When I first read DRACULA, at the age of twelve, I wondered how the Count felt about all those incidents in which he was portrayed as the villain. Fred Saberhagen’s THE DRACULA TAPE (1975) was the book I’d always wanted to write. Count Dracula tells his side of the story on the tape recorder of a car belonging to a descendant of Jonathan and Mina Harker. According to Dracula, he never intended any harm to Jonathan during the latter’s stay at the castle. Like most vampires, the Count lives mainly on animal blood; drinking human blood is an erotic experience. His encounters with both Lucy and Mina were completely consensual. He didn’t cause Lucy’s death. That ignorant fanatic Van Helsing did, by transfusing her with blood from four different men several years before the discovery of blood types. Oh, and that stuff about crosses and holy wafers? Dracula still considers himself a Catholic, even if not a very good one; he retreats from holy objects partly to maintain the illusion of their effectiveness and partly to avoid desecrating them with his enemies’ blood.
Saberhagen plays fair. Aside from fudging the date of Mina’s pregnancy, he stays faithful to all the “facts” of Bram Stoker’s novel. It becomes a different story through the Count’s interpretation of the facts. Intelligent, witty, and occasionally sensual, THE DRACULA TAPE definitely ranks as one of the top vampire novels of its decade, if not of the twentieth century. It has several sequels, of varying quality. For me, the best of the later books is the second in the series, THE HOLMES-DRACULA FILE (1978). Told in the first person alternately by Dracula and Dr. Watson, it’s effective and memorable as both a vampire novel and a Sherlock Holmes pastiche. (Clearly superior, in my opinion, to Loren D. Estleman’s SHERLOCK HOLMES VS. DRACULA, published in the same year.)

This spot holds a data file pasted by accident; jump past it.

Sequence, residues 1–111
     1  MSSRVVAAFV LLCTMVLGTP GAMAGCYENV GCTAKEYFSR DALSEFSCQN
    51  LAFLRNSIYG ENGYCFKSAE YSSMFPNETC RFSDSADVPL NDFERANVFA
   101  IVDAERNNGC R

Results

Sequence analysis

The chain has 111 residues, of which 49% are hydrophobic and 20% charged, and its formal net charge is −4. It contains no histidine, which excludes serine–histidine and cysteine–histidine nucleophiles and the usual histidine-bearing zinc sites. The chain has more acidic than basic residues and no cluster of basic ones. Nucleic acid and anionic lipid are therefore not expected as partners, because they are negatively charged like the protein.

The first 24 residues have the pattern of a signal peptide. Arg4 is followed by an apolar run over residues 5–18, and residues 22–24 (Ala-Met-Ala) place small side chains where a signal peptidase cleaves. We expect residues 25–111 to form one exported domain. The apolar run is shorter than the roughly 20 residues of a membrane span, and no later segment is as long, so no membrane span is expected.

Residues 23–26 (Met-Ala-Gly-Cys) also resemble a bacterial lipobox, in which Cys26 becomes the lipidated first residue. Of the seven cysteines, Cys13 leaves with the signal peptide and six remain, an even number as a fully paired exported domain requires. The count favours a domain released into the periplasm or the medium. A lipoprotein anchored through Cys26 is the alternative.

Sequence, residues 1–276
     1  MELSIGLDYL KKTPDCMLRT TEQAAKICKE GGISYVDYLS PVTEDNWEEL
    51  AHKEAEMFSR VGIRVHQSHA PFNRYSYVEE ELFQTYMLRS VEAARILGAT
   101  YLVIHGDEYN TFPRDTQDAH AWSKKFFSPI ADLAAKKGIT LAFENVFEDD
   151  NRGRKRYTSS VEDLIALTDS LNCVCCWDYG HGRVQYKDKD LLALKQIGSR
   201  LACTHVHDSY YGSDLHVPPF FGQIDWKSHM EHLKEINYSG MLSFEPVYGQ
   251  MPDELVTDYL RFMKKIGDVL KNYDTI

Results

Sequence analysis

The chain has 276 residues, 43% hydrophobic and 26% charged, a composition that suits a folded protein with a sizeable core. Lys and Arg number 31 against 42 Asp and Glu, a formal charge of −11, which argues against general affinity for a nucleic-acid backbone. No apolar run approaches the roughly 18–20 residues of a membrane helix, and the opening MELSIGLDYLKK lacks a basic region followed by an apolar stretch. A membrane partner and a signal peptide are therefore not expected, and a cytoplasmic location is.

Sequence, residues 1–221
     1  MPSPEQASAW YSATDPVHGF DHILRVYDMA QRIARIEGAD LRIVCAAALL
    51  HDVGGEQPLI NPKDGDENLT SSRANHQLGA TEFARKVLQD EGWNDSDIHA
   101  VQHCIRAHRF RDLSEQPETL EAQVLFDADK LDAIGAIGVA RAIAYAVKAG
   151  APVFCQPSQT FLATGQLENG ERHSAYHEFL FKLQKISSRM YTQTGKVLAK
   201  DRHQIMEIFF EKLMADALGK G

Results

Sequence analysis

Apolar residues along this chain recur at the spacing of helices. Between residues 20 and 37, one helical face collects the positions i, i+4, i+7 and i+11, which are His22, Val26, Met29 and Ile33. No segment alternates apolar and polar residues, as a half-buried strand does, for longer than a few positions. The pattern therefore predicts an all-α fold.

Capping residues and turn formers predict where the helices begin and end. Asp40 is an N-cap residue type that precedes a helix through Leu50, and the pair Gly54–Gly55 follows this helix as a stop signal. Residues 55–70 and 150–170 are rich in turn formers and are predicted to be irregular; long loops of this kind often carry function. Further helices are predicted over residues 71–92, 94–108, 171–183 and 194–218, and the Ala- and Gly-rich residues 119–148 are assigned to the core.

THE DRACULA TAPE predates that more famous novel of a vampire’s tape-recorded apologia by a year and deserves to be equally recognized.